India's Wipro profits up 24%, beats forecasts
Friday, 02 November 2012
BANGALORE: India's third-largest outsourcing firm Wipro reported Friday second-quarter net profit jumped 24 percent, thanks to stronger demand as customers sought to reduce costs in a weak global economy.
Net profit for the three months to September rose to 16.11 billion rupees ($301 million) from 13.01 billion rupees a year earlier.
The profit outpaced market expectations of 15.23 billion rupees, according to a poll by Dow Jones Newswires.
"The pipeline and business environment is looking up. We saw a pick-up in demand in banking and financial services," said Wipro's chief financial officer Suresh Senapaty.
The firm said it clinched a string of orders, including multi-year deals with a US-based healthcare firm and a large North America-based department store chain.
Quarterly revenue rose 17 percent to 106.20 billion rupees from a year earlier.
Wipro delivered "revenues in line with its guidance and is continuing to see consistent improvement in engagement with customers and employees," its chief executive T.K. Kurien said in a statement.
The Bangalore-based company announced Thursday its non-technology operations would be hived off into a new firm, allowing it to focus on its core business, which accounts for 86 percent of revenues.
Its chairman Azim Premji -- who is India's third-richest man according to Forbes magazine -- said Wipro has "chartered a new course" with the split in its businesses.
Wipro shares gained 3.19 percent to an intraday high of 372.95 rupees after the earnings but then slid on profit-taking to trade up 0.89 percent at 364.6 rupees by early afternoon.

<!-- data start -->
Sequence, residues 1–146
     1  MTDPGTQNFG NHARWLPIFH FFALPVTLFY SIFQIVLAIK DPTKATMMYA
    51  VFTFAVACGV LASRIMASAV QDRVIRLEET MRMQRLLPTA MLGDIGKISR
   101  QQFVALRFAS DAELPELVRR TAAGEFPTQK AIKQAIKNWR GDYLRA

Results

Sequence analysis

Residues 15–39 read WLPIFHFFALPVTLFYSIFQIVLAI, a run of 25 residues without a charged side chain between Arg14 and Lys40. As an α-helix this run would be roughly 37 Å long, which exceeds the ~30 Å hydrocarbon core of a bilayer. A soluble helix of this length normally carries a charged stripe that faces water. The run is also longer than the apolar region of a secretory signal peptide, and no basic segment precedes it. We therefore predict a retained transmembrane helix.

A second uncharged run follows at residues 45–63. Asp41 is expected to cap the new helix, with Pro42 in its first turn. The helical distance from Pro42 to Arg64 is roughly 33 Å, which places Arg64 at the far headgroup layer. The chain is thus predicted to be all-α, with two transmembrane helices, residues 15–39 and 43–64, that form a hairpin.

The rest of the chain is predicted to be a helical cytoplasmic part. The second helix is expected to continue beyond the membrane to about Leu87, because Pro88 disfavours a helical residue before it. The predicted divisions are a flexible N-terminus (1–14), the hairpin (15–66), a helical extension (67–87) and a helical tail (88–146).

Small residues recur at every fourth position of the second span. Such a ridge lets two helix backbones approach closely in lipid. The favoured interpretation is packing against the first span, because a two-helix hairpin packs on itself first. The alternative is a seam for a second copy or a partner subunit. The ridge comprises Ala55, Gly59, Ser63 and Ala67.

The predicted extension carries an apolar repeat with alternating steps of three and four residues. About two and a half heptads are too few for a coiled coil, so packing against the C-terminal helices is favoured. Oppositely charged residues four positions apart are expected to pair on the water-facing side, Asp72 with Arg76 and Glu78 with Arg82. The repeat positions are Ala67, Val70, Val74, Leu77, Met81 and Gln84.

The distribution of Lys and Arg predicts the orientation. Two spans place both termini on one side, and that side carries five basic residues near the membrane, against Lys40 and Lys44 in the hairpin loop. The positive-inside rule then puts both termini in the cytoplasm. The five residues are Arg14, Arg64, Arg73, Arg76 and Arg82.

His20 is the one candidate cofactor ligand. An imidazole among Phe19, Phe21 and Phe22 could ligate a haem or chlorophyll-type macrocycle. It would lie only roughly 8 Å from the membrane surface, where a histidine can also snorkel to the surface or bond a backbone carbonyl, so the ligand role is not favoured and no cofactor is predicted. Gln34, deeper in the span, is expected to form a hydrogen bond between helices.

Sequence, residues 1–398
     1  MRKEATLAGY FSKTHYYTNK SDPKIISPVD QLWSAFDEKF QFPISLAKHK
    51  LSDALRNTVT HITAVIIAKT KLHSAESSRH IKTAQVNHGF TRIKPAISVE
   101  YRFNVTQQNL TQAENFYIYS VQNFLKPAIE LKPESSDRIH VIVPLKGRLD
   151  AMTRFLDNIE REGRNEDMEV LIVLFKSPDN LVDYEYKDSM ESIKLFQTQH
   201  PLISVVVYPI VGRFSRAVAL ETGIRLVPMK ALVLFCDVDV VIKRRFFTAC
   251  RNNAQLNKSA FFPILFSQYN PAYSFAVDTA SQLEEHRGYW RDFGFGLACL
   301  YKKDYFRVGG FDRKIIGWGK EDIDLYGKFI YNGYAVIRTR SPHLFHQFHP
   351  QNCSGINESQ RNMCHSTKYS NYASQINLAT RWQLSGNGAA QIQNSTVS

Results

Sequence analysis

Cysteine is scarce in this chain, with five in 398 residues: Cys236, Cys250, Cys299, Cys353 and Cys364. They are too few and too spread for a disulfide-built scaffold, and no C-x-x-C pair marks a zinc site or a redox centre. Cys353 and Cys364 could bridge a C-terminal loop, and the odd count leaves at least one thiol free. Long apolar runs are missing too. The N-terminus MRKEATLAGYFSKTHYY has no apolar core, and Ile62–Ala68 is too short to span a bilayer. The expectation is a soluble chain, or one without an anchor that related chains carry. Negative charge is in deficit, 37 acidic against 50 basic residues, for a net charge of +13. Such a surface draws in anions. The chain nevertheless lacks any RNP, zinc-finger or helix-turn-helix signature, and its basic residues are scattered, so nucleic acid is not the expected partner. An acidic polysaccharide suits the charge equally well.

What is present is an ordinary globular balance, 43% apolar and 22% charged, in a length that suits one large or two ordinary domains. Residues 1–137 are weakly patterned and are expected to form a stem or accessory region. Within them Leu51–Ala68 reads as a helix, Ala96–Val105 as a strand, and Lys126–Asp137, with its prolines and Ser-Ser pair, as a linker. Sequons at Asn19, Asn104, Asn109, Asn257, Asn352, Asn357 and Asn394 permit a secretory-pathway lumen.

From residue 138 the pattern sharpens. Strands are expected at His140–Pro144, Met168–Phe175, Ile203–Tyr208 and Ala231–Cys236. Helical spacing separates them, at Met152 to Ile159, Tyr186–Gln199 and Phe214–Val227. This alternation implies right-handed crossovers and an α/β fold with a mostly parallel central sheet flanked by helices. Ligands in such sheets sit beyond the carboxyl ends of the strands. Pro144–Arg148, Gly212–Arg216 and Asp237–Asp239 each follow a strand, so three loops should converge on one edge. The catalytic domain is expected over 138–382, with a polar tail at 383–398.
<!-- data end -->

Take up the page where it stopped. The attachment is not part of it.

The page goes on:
Wipro forecast revenues from IT services of $1.56 billion to $1.59 billion in the next quarter ending December -- in line with analysts' expectations.
The firm added 53 clients and 2,017 people to its staff in the last quarter.
Last month, India's biggest outsourcing firm TCS posted a 44 percent rise in quarterly profit, beating estimates, while earnings of Infosys disappointed investors with lower-than-projected revenues, even though profits increased.
TCS, Infosys and Wipro lead India's flagship IT outsourcing industry, which carries out a wide range of jobs for Western firms such as answering calls from bank customers, processing insurance claims and software development.
India, with its large English-speaking workforce, accounts for at least 50 percent of the global outsourcing market and the industry is a vital exporter.
Most of India's IT outsourcing firms say the outlook remains challenging as clients in their key US and European markets contend with sluggish growth and slow decision-making along with political opposition to outsourcing jobs in the face of high domestic unemployment. (AFP)